Book cover

Just thinking of the Anne Frank house episode furthers this. On IMDB there is a discussion about the relative moral values of this (filmed) scene (warning: bad language), which invited comment on the reaction of the ‘audience’ when the couple kiss. Were the audience clapping a cute couple, a cute oh-poor-dears couple, or were they applauding triumph? Green provides no answer, the answer depends on the reader and will possibly change over the course of their reading depending on where they were when they first approached the book.

Instead of writing any more, because I could but I’d inevitably start repeating myself, I’ll ask you.

What did you make of the naming transition? What did you make of the scene at Anne Frank’s house? And what do you think of the possibility of a wider message? If you’ve not read the book/seen the film, feel free to comment on what’s been discussed as you will – after all, the theme is by no means limited to the text.

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July 16, 2014, 9:04 am

Pretty sure I will watch the movie first

Literary Feline

July 16, 2014, 4:22 pm

Like Hazel, I did not notice the switch in what she called him until he pointed it out–and it was such a revealing moment. I felt sad for both Augustus and Hazel in that moment.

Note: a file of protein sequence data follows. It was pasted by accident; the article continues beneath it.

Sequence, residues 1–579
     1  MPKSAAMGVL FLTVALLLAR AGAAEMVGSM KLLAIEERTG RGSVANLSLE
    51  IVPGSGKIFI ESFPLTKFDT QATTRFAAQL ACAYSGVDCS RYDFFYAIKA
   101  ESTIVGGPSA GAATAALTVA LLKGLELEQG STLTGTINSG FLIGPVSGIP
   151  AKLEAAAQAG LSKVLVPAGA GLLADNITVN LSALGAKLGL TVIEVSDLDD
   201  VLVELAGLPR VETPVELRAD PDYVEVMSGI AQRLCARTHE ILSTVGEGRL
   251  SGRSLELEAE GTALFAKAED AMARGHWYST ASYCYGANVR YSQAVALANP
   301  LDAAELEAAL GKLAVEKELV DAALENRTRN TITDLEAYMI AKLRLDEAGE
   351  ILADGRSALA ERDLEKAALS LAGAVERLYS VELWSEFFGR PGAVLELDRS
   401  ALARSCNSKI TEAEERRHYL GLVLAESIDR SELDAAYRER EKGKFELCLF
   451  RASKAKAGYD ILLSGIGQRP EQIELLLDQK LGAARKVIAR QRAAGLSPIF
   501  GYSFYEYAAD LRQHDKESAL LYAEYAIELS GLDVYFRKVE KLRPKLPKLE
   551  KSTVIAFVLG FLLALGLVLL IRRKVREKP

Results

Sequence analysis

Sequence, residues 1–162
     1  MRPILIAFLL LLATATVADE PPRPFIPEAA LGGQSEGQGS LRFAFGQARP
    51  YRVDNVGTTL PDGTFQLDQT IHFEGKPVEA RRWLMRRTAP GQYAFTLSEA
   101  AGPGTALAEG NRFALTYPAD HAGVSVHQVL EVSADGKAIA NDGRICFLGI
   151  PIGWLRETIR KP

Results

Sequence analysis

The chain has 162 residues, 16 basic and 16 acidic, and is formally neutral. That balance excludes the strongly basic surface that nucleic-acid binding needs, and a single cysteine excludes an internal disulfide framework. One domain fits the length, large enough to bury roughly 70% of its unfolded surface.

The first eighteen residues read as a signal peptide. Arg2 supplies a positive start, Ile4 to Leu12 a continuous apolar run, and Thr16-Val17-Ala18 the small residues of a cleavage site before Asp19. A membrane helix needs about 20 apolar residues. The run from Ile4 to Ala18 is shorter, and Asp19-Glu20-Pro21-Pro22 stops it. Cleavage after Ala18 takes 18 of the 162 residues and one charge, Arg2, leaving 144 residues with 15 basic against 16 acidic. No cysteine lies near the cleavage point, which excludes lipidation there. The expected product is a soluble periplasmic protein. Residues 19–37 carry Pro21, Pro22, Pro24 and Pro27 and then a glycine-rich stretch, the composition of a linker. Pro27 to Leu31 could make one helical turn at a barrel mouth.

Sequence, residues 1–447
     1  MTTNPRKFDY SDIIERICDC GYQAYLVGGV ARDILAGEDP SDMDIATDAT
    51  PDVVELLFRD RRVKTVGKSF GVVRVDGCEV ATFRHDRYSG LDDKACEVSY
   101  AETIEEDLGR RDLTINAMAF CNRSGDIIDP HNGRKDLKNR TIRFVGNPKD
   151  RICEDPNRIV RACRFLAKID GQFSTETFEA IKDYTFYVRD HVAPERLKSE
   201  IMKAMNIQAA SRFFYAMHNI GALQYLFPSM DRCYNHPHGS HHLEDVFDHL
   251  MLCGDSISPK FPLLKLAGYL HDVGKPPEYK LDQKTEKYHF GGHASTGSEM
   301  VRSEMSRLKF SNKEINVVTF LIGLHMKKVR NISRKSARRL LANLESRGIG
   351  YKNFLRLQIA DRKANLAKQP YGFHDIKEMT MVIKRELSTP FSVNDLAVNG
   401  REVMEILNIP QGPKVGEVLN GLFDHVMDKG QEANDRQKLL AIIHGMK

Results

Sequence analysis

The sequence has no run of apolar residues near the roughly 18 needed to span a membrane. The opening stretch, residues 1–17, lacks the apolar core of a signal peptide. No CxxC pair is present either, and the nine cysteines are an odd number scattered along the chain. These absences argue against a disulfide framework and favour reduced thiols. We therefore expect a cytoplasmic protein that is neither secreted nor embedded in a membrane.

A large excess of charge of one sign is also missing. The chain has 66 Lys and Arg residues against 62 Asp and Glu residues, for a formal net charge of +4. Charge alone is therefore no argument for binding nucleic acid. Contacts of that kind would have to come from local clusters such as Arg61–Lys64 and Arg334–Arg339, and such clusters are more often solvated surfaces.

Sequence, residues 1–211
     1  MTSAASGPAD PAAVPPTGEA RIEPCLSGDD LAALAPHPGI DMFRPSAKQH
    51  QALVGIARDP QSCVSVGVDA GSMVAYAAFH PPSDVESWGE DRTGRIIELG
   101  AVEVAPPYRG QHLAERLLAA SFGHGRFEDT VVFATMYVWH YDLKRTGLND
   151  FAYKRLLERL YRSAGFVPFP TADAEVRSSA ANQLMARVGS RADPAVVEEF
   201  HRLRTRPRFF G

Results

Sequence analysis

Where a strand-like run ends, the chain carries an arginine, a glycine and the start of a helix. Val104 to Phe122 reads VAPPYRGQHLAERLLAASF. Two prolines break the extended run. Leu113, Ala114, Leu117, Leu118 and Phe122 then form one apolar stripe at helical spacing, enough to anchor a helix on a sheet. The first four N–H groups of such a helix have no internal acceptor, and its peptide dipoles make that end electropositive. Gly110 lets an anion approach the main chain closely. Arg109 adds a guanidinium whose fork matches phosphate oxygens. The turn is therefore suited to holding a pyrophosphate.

As for the scene in Anne Frank’s house, I thought the book did a better job of conveying the significance of the moment than did the movie. That may have just been me though. I certainly got the wider message, but the people in that room with them? I think the reactions were likely mixed. Some probably felt sorry for them. Some were happy for the romantic display (ie cuteness), and others may have seen it as a triumph. It’s funny because I did wonder about it–what they were thinking. Could they really know what that moment meant for the two of them, both personally and on a wider scale? I am not sure. They hadn’t been reading/watching the story like we all had been.


July 16, 2014, 8:14 pm

To the extent that I noticed that switch my first time through, I reacted to it as part of the loss of dignity inherent in having to go to the hospital. Medical people are always calling one by one’s first name or nickname and dealing with very personal parts of life.
The last time I was in the hospital, I remember admiring the way a nurse prefaced her request that I remember they were measuring everything I excreted by saying “some people pee in the shower and that’s fine, you know, sometimes they don’t even realize they’re doing it…” I took note because before that, I wouldn’t have thought that it was something many people would do. And maybe it’s not, but she was very sensitive about how she phrased her reminder that I must not do that on that particular day.

Tracy Terry

July 17, 2014, 5:47 pm

Hoping to read the book first I had reserved it at our library. Only problem being so had every other reader. I’m now thinking we may well have to put off watching the film until it comes out on DVD or I’m going to have to buy a copy of the book.

Laurie C

July 27, 2014, 2:10 pm

I’m going to skip the movie because I liked the book!